On 20th December 2011, the EU Commission announced its approval, under the EU State Aid rules, of UK support measures of up to £400 million for the creation of the social investment company Big Society Capital (BSC). UK government support for BSC will be provided by the use of money from dormant bank accounts under the Dormant Bank and Building Society Accounts Act 2008. If a bank account has been without transactions for at least 15 years, the bank can transfer the balance to a Reclaim Fund against which the account holder can claim. Unclaimed money in that fund can be handed over to BSC. The UK Co-operative Bank is currently working on establishing the Reclaim Fund.
BSC will invest in social enterprises, charities and voluntary organisations that have difficulty in raising affordable funding from the markets. It will generally do so through Social Investment Finance Intermediaries to develop financial intermediation for the social sector and to address market failures in that area. The Commission approval is limited to five years and any state provided capital above £400 million or any increase in BSC’s balance sheet total to more than £600 million within that period must be notified to the Commission.
The BSC was formally proposed by the Cabinet Office of the UK Government in May 2011 as part of a wider strategy to increase the scale of the Social Investment Market in the UK. BSC is intended to provide a range of financial services to social sector organisations, to raise money for onward investment in the sector, and to assist social organisations to become more sustainable and resilient. Its initial capital consists of the £400 million estimated to be available from dormant bank accounts and a further 200 million to be provided by the UK’s four largest private sector banks. BSC is to be set up by April 2012 and will operate as a wholesale, independent, non-public, social sector organisation. It will be committed to transparent reporting of both its financial results and its social impact and will aim for long term self sufficiency after suffering some capital attrition in the first five years. (see http://www.cabinetoffice.gov.uk/content/big-society-capital)
One ground for the Commission’s decision under Article 107(3)(c) of the Treaty on the Functioning of the European Union was an undertaking by the UK Government that all support for and recipients of funds from BSC would meet the requirements of one of two Block Exemption Regulations. The first would require the amount of the capital invested to be be too small to constitute state aid under the EU rules under Commission Regulation (EC) No: 1998/2006 – currently 200,000 euro’s. The second would be that the investment would remain within the limits set out in the Commission regulation exempting categories of state support from scrutiny because their economic benefits (in fields such as SME support or social, regional, or environmental aid) are deemed to outweigh potential distortions of competition in areas (Regulation No 800/2008).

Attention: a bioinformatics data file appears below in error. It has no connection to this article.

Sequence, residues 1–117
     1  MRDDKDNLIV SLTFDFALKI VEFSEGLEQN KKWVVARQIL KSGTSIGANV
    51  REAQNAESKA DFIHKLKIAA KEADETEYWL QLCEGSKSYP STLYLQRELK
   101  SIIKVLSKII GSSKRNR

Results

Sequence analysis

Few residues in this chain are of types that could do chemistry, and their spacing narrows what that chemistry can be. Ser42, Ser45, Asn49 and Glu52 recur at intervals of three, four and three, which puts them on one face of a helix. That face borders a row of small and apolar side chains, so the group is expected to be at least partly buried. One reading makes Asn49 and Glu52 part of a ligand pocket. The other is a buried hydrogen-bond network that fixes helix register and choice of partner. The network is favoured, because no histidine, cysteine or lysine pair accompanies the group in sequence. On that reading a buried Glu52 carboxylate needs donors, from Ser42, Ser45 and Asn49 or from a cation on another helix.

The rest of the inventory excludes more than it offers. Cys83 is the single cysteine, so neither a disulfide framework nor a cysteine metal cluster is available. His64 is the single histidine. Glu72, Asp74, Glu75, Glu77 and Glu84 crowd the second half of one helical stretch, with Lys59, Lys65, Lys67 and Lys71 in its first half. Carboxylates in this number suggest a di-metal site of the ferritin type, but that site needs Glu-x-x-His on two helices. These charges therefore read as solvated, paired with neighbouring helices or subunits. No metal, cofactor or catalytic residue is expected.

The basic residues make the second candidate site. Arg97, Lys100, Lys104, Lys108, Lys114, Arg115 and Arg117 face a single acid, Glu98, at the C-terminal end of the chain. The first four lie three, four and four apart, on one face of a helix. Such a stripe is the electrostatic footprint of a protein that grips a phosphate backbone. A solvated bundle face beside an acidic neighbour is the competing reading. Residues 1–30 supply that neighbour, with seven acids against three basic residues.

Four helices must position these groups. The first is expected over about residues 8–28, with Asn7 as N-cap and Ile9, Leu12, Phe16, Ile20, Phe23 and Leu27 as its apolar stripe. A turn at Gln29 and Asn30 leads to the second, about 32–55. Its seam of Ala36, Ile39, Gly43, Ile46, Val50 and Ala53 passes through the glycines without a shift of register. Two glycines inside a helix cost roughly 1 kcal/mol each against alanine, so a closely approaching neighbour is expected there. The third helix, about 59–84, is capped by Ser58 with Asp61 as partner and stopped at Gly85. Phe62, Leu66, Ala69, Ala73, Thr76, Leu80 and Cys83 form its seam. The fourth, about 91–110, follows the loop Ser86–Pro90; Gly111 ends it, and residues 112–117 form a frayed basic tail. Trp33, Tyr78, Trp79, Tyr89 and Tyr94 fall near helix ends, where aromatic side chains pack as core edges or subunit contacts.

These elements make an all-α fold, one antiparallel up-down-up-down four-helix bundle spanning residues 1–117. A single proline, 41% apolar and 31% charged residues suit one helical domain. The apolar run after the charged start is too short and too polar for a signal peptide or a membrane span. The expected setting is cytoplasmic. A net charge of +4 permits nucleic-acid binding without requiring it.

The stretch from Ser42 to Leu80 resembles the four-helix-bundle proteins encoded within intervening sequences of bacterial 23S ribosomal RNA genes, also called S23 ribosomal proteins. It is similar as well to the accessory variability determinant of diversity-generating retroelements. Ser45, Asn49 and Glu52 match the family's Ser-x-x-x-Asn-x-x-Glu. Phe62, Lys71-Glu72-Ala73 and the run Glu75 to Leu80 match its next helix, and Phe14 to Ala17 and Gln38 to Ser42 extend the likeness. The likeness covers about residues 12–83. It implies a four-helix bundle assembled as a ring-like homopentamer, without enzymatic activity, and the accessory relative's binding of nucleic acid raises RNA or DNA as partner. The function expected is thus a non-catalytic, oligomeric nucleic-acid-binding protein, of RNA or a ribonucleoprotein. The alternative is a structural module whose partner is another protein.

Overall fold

In addition, the Commission took into account that any funding provided by either BSC or a Social Investment Finance Intermediary financed by BSC would be conditional on market funding being unavailable and subject to criteria about the applicant’s business plan, the expected level of risk adjusted returns, and the social impact of the investment being met. See:
This Commission decision indicates that the EU State Aids rules do not need to stand in the way of the development of co-operatives, social enterprises, or other organisations with social or charitable objectives. The Commission approved the UK proposal quickly on the basis of undertakings by the UK Government. The modest scale of the proposed state aids and the likely focus on objectives such as social and environmental benefit were crucial to the decision. However, the approval also provides further evidence of the EU’s positive approach to the role and importance of co-operatives and social enterprises. In that sense the approval builds on the decision of the European Court of Justice of 8th September 2011 in Joined Cases C‑78/08 to C‑80/08 on the application of state aid rules to certain Italian tax provisions concerning co-operatives.
As a result, 2011 has been an important year for EU recognition of the role of enterprises which can be classed neither as state owned nor as investor owned and which represent an alternative to both statism and an investor dominated market economy.
© Ian Snaith 2011 This work is licensed under the Creative Commons Attribution-NonCommercial-Noderivs 2.0 England and Wales Licence. To view a copy of this licence visit http://creativecommons.org/licenses/by-nc-nd/2.0/uk/ or send a letter to Creative Commons, 559 Nathan Abbott Way, Stanford, California 94305, USA
Join the Conversation